Global warming solutions dodged by the governor but understood by a little girl
This is a story about a muscle-bound governor, a nine-year-old girl, and some polar bears. The governor is Arnold Schwarzenegger, the girl is Emily Magavern, and the polar bears or at least photos of them served as backdrops for a pair of speeches the two gave on global warming.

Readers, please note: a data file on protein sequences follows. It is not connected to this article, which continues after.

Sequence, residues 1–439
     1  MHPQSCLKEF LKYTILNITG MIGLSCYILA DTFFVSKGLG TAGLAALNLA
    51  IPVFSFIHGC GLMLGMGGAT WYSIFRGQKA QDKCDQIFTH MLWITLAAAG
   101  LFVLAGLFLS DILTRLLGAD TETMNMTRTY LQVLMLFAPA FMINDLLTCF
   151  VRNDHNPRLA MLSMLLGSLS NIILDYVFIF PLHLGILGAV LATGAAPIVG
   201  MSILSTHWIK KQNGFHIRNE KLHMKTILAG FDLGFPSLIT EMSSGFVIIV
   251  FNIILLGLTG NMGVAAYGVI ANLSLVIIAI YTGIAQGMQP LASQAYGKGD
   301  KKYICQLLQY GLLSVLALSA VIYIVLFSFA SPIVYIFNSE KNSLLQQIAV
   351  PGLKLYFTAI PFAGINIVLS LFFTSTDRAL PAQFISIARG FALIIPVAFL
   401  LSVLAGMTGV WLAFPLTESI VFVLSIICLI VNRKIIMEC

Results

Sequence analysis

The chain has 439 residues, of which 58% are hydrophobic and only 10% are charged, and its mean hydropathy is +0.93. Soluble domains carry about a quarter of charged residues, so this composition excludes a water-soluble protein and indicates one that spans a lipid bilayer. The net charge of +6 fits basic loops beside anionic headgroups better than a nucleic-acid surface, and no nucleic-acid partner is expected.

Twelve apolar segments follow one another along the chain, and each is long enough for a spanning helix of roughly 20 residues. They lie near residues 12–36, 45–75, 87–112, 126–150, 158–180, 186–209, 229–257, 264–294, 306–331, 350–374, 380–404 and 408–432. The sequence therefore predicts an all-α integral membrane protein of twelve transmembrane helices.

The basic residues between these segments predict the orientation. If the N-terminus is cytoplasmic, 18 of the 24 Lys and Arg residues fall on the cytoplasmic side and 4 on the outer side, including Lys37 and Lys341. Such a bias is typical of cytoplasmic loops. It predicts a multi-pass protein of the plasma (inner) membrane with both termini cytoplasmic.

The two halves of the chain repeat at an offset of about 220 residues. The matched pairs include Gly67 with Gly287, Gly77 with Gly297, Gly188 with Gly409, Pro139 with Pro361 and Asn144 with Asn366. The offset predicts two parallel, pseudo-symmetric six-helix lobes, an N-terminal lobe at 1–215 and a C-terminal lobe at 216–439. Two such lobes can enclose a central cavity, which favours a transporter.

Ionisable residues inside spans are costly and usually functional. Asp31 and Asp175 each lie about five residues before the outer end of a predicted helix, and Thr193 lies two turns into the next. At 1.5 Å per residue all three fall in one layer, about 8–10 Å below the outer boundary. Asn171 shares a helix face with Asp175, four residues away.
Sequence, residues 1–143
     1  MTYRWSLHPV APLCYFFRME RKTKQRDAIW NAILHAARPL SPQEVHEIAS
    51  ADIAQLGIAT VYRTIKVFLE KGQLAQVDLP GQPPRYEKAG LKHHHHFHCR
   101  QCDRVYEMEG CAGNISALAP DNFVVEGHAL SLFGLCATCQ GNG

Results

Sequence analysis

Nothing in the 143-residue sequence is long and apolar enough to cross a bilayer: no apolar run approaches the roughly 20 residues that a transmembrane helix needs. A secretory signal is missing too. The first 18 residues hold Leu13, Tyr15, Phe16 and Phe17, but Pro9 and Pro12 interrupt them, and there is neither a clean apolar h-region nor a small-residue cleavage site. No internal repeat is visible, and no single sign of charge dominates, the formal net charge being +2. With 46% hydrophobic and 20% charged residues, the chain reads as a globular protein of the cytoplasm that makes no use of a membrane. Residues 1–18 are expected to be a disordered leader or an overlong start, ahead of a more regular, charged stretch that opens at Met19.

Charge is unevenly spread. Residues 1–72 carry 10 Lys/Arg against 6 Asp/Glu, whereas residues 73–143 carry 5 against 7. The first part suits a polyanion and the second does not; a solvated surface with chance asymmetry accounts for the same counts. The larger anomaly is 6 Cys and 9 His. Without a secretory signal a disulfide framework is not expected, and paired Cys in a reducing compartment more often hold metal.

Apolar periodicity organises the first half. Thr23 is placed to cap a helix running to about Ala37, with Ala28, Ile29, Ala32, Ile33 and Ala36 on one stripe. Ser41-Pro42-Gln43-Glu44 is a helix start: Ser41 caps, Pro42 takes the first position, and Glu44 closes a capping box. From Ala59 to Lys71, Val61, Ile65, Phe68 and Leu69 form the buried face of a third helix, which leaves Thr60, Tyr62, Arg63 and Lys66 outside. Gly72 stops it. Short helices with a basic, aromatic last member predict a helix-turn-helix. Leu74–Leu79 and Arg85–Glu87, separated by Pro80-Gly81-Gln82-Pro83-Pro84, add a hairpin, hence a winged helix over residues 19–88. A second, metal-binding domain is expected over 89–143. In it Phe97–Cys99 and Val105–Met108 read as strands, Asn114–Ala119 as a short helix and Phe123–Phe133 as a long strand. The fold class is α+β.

Emily, the daughter of a Sierra Club lobbyist, gave her speech in Sacramento on April 3 at a press conference outlining legislation that Democratic lawmakers have introduced to create a mandatory limit on greenhouse gases."I don't want the polar bears to lose their homes," Emily told the gathering.That bill was triggered by a report from the Climate Action Team, which was commissioned by Schwarzenegger in June 2005 to recommend how California should address global warming. The report's suggestions include a tax on gasoline, the monitoring of factory emissions, a cap-and-trade system (which caps the amount of greenhouse gases that factories may produce and sets up a trading market in which businesspeople can buy or sell emissions credits), as well as other less contentious initiatives.But when Schwarzenegger came to San Francisco April 11 to outline his recommendations, he embraced almost none of the controversial schemes, with the exception of mandatory reporting of emissions (something most factories don't now report), even as he claimed climate change to be a "most pressing issue.""The debate is over, the science is in, and it's time for action," boomed Schwarzenegger, who then contradicted his own call to action by telling the crowd that he was concerned about scaring businesses out of the state. "Must take cautious steps and the right steps."There are telling contrasts between the approaches of our tough-talking governor and this soft-spoken little girl. In some ways it seems their roles are reversed, with Schwarzenegger unwilling to connect cause and effect and Emily taking a more mature view of the problem.Emily diagnosed what is essentially a simple problem. Humans are causing cataclysmic, global climate changes through excessive consumption of fossil fuels. The changes are having a negative impact on many species, including polar bears in the Arctic and animals closer to home, like California's state bird, the California quail.Some of the top contributors to the problem are the humans living right here in California, which is the world's 12th largest producer of greenhouse gases, of which 58 percent come from cars. The solution: Burn less fossil fuel, even if that's a difficult thing to do."We can't rely on oil forever," Emily said.In contrast, Schwarzenegger spun a compelling vision of what California's future would be like if it cleaned up its greenhouse gas emissions. Yet he remains politically intimidated by business interests, such as the California Chamber of Commerce and the California Manufacturers and Technology Association, which says that addressing global warming would hurt the state's economy.In the beginning of his speech at San Francisco City Hall, Schwarzenegger touted the need for immediate action by developing a mandatory reporting and cap-and-trade system, emphasizing the economic benefits of recently implemented initiatives. Yet he later said he opposed caps, leaving it unclear how such a system would work or exactly what he's calling for."We should start off without the caps until 2010," Schwarzenegger said. "Caps could scare off the business community."Schwarzenegger's response has many global warming advocates feeling deflated, while a number of businesses are breathing sighs of relief. The governor also appears to be letting the driving public off the hook by refusing to support the gas tax that his committee recommended, a problem addressed by Emily."If people try to not drive cars as much and try to drive cleaner cars, that would help the problem," Emily said.There are also many grown-ups out there who agree with Emily and say that dealing with global warming may be difficult, but doing so proactively and taking a lead role in the effort might actually help the state's economy by encouraging development of new technologies and industries rather than hurt it."The chamber's very good at having 20/20 vision in the rearview mirror," said Bob Epstein, cofounder of Environmental Entrepreneurs. "All businesses need are the creation of simple rules, and then the legislators can step back and let business innovate."That seems to be what the legislature is trying to do, with Assembly Bill 32 seeking to cap factory emissions and reduce them by 30 percent by the year 2020. But whether the governor will sign this bill (and others to come) and start saving the polar bears and Emily's generation is a question he seems unwilling to address. SFBG